Patti Anklam is blogging the E2 Conference and discusses how Tony Byrne distinguishes between Networking and Collaboration with this diagram:
Networking could also be called cooperation, as Stephen Downes helped me define it:
collaboration means ‘working together’. That’s why you see it in market economies. markets are based on quantity and mass.
cooperation means ’sharing’. That’s why you see it in networks. In networks, the nature of the connection is important; it is not simply about quantity and mass …
You and I are in a network – but we do not collaborate (we do not align ourselves to the same goal, subscribe to the same vision statement, etc), we *cooperate*
In the above matrix, I’ve shown how different levels of complexity call for different levels of work practice and group work. This is a key problem with our current systems of human resources (HR) and training systems. The majority of the effort goes into developing individual skills. From recruiting for skills, knowledge and attitude to individual assessments and salary scales, we pay little attention to how groups and organizations work and especially to the greater community from which we all draw support, information and knowledge. Adding “must be a team player” to a job description doesn’t cut it any more.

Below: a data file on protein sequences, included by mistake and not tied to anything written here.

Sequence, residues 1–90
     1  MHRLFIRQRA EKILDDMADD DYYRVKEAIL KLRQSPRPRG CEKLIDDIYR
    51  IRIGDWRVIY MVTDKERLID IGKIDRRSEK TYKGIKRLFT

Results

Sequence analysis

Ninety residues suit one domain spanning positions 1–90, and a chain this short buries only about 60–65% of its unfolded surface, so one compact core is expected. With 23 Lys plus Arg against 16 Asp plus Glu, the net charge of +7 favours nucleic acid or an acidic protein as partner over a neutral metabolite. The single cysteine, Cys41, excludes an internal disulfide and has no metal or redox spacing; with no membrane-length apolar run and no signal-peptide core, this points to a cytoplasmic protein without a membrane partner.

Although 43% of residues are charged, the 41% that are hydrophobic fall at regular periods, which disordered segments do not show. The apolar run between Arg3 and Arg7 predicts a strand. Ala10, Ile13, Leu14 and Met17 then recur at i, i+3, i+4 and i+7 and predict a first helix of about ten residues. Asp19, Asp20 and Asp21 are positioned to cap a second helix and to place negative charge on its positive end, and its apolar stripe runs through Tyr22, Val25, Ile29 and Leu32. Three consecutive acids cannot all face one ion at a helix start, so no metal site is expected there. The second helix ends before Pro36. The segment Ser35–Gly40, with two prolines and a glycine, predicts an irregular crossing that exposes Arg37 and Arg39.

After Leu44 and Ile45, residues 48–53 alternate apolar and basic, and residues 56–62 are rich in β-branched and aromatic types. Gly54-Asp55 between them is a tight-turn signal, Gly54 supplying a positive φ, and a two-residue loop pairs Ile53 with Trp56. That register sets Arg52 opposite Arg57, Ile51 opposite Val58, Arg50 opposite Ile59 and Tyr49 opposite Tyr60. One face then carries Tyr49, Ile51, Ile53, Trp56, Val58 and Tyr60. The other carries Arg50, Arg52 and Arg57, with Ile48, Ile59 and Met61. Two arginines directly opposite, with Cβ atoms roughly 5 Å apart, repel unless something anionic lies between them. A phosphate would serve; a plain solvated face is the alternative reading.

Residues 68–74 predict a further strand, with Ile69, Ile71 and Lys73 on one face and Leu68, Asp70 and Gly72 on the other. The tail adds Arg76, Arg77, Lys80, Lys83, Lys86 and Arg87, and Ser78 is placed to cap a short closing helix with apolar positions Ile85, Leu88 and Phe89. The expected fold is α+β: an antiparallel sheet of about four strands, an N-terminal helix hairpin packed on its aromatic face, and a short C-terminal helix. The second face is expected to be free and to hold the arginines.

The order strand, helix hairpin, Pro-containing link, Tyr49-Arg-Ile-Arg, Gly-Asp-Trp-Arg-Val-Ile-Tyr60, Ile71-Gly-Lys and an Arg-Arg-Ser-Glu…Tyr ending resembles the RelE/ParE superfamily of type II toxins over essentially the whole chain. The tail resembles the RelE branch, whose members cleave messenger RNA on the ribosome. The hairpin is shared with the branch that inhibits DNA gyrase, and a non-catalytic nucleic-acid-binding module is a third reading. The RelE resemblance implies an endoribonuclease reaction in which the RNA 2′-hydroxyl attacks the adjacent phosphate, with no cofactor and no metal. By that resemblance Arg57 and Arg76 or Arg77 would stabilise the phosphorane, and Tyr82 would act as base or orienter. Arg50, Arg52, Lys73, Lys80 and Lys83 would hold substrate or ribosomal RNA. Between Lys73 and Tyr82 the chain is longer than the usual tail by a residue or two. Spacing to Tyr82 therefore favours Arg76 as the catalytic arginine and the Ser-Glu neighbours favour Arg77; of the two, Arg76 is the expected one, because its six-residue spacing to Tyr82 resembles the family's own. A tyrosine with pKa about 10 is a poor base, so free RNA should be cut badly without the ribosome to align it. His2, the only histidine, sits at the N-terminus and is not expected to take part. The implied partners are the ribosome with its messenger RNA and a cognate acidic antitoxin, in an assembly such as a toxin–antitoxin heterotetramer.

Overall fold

As our interconnectedness increases in the digital surround, it’s becoming obvious that we are not individuals doing our own thing, who from time-to-time have to deal with others. We are becoming our networks, but most organizational support functions do not understand networked work and learning. They don’t even speak the language. HR, OD, L&D and training need to develop new literacies to discuss and account for those spheres that are outside the individual, yet are becoming such an important part of each of us.
Those large grey spheres are areas of significant importance and opportunity for the next generation of organizational support. They are also the fields of play for every snake-oil salesman around.